When you break a bone, you might get a cast or a set of crutches from your doctor. But what do we do for birds with broken wings? Every year dozens of birds are brought to the Wildlife Medical Clinic with wing fractures, unable to fly. There are many steps we take to fix the wing and get them back to flying!
When a bird is brought to the Clinic, it is given a full medical exam. This includes, in part, listening to its heart and lungs, looking in its eyes, and palpating its wings and legs for any signs of injury. If a fracture is found, the bird is given pain medications to be more comfortable, fluids to correct any dehydration, and any injuries are cleaned and bandaged.
Before we can work to fix a fracture, we must first take radiographs, or x-rays! As you can imagine, wild birds aren’t the most cooperative patients when it comes to staying still for x-rays. So, for their safety and our own, birds are often sedated to ensure the process is as pain and stress free as possible.
Radiographs show us which bones are broken, where in the bone the break is located, and how significant the break is. This information is key to planning surgical correction of the fracture. When a wing is involved, often bandaging won’t sufficiently allow the wing to heal. Instead, the most common way we fix fractures is by surgically inserting an “intramedullary” (or IM) pin into the broken bone. This metal pin is drilled into the middle of the bone so that each piece of the broken bone is now lined up. Several “K-wires” (or Kirschner wires) are then placed perpendicular to the IM pin, with the ends sticking out of the skin. K-wires are the narrowest metal pins used in orthopedic surgery. These surgeries are difficult, can last several hours, and require significant training to place well. Radiographs are taken again after surgery to make sure the bones are properly aligned and ready for healing.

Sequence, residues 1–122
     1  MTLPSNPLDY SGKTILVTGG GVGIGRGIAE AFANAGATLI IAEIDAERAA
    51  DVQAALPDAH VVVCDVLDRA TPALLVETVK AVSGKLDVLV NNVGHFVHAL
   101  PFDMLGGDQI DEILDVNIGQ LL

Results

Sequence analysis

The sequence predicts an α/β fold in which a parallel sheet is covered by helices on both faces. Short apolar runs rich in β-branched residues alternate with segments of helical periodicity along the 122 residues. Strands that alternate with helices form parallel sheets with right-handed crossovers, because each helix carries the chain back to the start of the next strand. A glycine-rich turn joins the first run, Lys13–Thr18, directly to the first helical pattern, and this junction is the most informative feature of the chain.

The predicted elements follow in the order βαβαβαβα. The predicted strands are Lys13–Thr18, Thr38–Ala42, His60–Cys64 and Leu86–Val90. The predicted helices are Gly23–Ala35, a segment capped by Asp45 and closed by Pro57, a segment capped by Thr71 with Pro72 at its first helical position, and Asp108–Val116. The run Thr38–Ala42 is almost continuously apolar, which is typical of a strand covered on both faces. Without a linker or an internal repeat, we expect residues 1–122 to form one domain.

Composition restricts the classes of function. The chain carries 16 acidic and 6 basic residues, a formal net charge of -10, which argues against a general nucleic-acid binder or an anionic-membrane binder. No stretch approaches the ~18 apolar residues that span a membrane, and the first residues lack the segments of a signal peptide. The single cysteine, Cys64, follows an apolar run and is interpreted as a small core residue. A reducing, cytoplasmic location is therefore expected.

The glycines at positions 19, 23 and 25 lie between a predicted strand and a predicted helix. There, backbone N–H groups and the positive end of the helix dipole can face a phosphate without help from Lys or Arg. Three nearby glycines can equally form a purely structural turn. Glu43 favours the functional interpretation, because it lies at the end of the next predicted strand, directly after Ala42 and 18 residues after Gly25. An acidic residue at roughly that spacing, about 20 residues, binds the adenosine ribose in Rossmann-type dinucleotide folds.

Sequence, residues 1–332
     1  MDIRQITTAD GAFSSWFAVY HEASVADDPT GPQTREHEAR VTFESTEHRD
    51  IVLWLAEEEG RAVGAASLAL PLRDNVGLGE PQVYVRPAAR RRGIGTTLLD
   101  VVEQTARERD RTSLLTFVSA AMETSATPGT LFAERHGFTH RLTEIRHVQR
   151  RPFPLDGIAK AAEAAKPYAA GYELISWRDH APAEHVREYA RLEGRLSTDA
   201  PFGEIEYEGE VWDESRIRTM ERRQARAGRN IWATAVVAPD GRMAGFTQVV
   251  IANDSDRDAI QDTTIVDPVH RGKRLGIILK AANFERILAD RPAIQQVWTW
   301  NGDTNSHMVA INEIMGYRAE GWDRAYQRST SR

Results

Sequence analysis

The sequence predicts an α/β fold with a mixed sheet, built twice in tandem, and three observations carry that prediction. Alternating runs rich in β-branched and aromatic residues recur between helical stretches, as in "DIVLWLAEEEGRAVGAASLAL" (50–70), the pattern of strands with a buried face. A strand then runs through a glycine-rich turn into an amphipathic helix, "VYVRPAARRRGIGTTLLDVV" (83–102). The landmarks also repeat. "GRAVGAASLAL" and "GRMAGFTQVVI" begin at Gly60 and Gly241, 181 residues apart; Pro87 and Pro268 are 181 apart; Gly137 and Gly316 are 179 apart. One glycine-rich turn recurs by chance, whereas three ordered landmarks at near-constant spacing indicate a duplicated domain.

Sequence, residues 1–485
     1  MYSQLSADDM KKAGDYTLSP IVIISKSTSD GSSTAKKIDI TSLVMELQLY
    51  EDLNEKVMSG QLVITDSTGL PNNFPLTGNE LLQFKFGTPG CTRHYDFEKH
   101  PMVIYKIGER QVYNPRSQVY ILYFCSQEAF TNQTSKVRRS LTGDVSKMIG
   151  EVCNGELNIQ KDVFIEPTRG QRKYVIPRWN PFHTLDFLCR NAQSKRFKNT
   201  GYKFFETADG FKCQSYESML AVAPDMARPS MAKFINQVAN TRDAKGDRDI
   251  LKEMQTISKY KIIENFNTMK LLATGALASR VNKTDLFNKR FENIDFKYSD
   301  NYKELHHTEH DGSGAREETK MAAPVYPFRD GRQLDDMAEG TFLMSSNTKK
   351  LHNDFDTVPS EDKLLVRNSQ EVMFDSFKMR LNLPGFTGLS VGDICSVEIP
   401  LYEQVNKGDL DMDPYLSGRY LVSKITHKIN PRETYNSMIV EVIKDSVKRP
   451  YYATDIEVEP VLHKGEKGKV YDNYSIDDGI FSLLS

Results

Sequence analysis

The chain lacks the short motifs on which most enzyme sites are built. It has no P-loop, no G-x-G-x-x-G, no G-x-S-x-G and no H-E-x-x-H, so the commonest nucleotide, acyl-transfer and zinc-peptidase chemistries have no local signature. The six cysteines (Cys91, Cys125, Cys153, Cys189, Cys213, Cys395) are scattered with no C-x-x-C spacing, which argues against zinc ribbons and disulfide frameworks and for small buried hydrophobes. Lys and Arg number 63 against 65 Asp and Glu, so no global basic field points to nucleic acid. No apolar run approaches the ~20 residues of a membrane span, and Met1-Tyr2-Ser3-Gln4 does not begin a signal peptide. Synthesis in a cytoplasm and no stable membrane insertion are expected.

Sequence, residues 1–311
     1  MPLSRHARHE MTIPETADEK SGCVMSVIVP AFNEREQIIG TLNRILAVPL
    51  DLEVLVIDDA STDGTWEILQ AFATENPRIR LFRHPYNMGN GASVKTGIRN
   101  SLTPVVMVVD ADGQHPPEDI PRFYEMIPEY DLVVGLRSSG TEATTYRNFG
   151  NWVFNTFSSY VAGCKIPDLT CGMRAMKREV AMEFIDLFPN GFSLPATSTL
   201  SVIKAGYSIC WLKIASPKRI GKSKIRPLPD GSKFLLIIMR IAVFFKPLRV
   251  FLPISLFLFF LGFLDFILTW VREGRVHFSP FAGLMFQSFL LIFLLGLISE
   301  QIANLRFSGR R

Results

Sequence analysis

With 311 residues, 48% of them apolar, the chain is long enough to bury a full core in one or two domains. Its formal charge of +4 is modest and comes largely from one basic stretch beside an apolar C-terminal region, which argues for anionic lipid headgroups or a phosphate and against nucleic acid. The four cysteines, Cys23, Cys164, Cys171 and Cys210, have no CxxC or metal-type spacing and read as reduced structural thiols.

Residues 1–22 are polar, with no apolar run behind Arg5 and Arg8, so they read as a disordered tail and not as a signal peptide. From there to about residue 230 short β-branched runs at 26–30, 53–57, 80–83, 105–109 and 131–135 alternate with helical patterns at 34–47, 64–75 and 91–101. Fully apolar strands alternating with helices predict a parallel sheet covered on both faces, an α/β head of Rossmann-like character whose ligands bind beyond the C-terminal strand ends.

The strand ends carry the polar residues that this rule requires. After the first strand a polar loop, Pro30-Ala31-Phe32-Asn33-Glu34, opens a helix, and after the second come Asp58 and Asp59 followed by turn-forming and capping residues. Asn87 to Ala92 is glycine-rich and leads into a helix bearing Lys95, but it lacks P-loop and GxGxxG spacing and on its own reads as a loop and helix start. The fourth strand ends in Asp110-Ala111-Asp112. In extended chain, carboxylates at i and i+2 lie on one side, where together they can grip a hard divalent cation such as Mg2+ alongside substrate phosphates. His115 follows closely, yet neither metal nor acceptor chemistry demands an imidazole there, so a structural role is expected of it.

After surgery, an acrylic bar is attached to the ends of the K-wires. Think of it like a piece of clay that’s rolled out in a cylinder, placed over the ends of the K-wires. The acrylic hardens, securing the wires in place. The whole set-up is referred to as an “external fixator”. The bird will still need to have its wing bandaged for a few days until all the swelling goes down, but once the bandage is off the bird is able to recover with just the external fixature in place.
Birds get physical therapy after surgery just like people do! To make sure the bird will be able to fly, we gently extend the joints of the wing and hold them in that position for one minute, stretching out the muscles of the affected wing. We do this every few days while the bird is recovering, and every physical therapy session we measure how far the joints are able to extend with a protractor-like device called a goniometer. The angle we measure is called the passive range of motion, or PROM, and logging changes in the angle helps us see how well the bone is healing. We can also use a cold laser as part of the bird’s physical therapy plan, stimulating healing processes and reducing pain!
Birds bones heal much faster than mammals, and the bones may be sufficiently healed after just 3-4 weeks of care. Once the fracture site is stable, we remove all of the pins. The bird is then ready for flight conditioning before it can be released. For this, we typically partner with licensed wildlife rehabilitators who have the facilities to best support these birds during the final stages of their recovery. Once the bird’s feathers have fully regrown and it is flying well, it can be released back to the wild!
It can be a long process to fix a bird’s fractured wing, but it is incredibly rewarding to watch them improve from start to finish!
This article was written by Katie Havighorst, Class of 2022.